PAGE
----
In exactly the same way there was prepared an identical composition save that it contained no chain modifier. The cured coating prepared therefrom showed severe bubbling and peeling after the solder test.
Example 1 was repeated, except that:
(2) in Example 2, the trimethylolpropane triacrylate reactive diluent was replaced entirely by hexanediol diacrylate;
(3) in Example 3 no filler was used;
(4) in Example 4, all the hexanediol diacrylate was replaced by a mono-functional acrylate diluent--a (phenol+4 moles of ethylene oxide) acrylate.
The three compositions of Examples 2 to 4 were tested (as in Example 1), and found to be satisfactory. The three Comparison compositions (without chain modifier) were unsatisfactory.
200 parts by weight of PROPYLAN D402 (a 400 mole weight polyether diol, based upon propylene oxide and propylene glycol) were reacted with 327.5 parts by weight of HYLENE W to produce an isocyanate-tipped urethane prepolymer (NCO-index=250). The free isocyanate groups were then capped with hydroxyethyl-acrylate to produce the desired urethaneacrylate polymer, designated "Resin B".
The following materials were mixed together (in the manner described in Example 1).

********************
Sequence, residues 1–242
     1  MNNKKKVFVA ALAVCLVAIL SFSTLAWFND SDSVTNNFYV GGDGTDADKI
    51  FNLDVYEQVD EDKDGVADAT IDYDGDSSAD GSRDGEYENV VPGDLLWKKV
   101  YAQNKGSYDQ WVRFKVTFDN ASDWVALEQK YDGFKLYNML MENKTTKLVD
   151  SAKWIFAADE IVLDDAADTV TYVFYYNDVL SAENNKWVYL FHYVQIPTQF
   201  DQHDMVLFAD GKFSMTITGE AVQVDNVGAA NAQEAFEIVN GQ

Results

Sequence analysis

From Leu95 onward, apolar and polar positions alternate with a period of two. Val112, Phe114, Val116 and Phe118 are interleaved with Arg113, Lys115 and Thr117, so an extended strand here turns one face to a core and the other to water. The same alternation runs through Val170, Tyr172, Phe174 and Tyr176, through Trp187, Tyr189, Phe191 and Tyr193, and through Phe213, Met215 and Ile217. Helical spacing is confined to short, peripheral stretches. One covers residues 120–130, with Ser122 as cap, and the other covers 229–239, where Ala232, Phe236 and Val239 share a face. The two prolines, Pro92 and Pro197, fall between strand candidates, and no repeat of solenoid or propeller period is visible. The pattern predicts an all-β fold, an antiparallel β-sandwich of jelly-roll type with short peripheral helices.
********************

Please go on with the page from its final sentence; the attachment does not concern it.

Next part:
______________________________________Ingredient Parts by Weight______________________________________Urethane-acrylate (Resin B) 100Chain modifier (pentaerythritol tetra- mercapto-propionate) 8Liquid reactive (hexanediol diacrylate) 30diluents (trimethylolpropane 80 (triacrylate)Photoinitiator (IRGACURE 651) 8Filler (French chalk) 50Pigment (Vynamon Blue B) 2.5Flow out aid (MODAFLOW) 2.5Inhibitor (Quinol) 0.1______________________________________
The formed composition was tested (as in Example 1) and found to be satisfactory; the corresponding Comparison composition lacking the chain modifier gave unsatisfactory results.
Example 5 was repeated, save that pentaerythritol tetrathioglycollate was used as the chain modifier in the formulation of the coating composition instead of tertramercaptopropionate.
The composition was tested (as in Example 1) and found satisfactory, while the Comparison composition (no chain modifier) was not.
200 parts by weight of PROPYLAN G600 (see Example 1) were reacted with 217 parts by weight of TDI to form a urethane-prepolymer with free isocyanate groups (NCO-index=250). The free NCO groups were then capped with hydroxyethyl acrylate to give the desired urethane-acrylate polymer designated "Resin C".
The following components were mixed together (in the manner described in Example 1).
______________________________________Ingredient Parts by Weight______________________________________Urethane-acrylate (Resin C) 100Chain modifier (pentaerythritol tetra- mercapto propionate) 8Liquid reactive (hexanediol diacrylate) 30diluents (trimethylol propane) 80 (triacrylate)Photoinitiator (IRGACURE 651) 8Filler (barium sulphate) 50Pigment (Vynamon Green 6Y) 2.5Flow out aid (MODAFLOW) 2.5Inhibitor (Quinol) 0.1______________________________________